It’s best to keep this emergency fund in a savings account with a high interest rate. This way, you can boost your savings without even really thinking about it. 

Another financial precaution would be a life insurance policy. A lot of people overlook this when managing their personal finances, but they shouldn’t! Even if you don’t have much set aside for your family if you were to pass away, a life insurance policy would help your family financially recover. 

The death benefit could be used to pay off any of your outstanding debts or help your family continue to afford the mortgage payment. You may even consider it as a way to leave some type of inheritance for your children.

Term life insurance policies, in particular, are extremely affordable and give most families the coverage they need. You can get a policy fairly quickly, too. Many companies have started offering life insurance policies with no medical exam required. The application will ask you to detail your medical history and a bit more about your lifestyle to get a better understanding of your risk factors. You can get a quote in a matter of minutes and get covered relatively quickly.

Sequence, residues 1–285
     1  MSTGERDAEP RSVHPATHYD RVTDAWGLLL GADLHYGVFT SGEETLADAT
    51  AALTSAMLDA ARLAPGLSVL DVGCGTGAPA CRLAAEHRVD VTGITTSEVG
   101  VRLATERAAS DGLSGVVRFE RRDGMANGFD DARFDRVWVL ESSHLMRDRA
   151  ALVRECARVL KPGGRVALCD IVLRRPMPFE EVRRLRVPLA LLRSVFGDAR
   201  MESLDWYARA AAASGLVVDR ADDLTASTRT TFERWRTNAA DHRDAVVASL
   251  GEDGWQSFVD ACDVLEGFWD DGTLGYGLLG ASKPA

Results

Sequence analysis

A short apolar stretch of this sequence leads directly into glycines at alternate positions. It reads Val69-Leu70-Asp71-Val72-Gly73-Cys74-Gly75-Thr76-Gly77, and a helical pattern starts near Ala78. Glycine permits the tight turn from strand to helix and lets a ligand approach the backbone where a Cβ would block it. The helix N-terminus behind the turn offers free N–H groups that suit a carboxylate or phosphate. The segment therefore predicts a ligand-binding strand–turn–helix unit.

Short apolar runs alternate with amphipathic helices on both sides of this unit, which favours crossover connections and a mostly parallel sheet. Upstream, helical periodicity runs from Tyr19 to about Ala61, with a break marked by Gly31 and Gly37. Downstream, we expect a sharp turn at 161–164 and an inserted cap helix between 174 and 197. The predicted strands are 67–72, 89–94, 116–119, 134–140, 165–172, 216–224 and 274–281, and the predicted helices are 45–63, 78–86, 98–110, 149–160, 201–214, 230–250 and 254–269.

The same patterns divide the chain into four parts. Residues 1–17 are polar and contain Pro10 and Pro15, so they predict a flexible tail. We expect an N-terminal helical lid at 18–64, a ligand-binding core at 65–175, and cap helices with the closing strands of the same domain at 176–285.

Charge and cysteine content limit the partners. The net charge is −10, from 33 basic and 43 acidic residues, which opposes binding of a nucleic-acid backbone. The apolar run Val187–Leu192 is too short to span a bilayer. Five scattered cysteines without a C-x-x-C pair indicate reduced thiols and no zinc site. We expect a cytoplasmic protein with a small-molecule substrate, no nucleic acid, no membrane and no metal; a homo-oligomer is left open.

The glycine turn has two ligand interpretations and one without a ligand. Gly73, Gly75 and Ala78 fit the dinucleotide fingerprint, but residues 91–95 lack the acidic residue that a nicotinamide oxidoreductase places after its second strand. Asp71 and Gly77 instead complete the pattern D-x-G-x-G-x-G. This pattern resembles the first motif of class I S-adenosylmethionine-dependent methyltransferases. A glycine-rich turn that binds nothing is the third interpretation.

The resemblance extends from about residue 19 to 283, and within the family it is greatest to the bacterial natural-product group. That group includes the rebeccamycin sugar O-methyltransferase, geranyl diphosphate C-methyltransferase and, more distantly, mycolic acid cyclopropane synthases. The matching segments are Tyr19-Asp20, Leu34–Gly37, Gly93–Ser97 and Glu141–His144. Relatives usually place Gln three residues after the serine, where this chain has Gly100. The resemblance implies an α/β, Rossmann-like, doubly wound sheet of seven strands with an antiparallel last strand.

3. Automate what you can

Automating your financial responsibilities makes managing your personal finances just a little bit easier. Here are some things you may want to consider automating so you can almost set it and forget it:

  • Set up automatic 401(k) contributions.
  • Set up automatic payments for your bills and loans.
  • Set up automatic deposits to your savings accounts. 

Make sure you still check into your automated accounts from time to time to make sure your payments successfully go through and you aren’t being overcharged for anything. 

4. Stay consistent

Consistency is key for most things in life—and it’s true for your finances, too. Making it more fun to manage your finances is a great way to motivate yourself to continue working towards any financial goals you may have. Your hard work will pay off!

It’s no question that personal finance is pretty boring. With a little bit of creativity, you can surely find a way to make it something fun. As you start associating this “chore” of sorts with something fun, you may even start to look forward to it!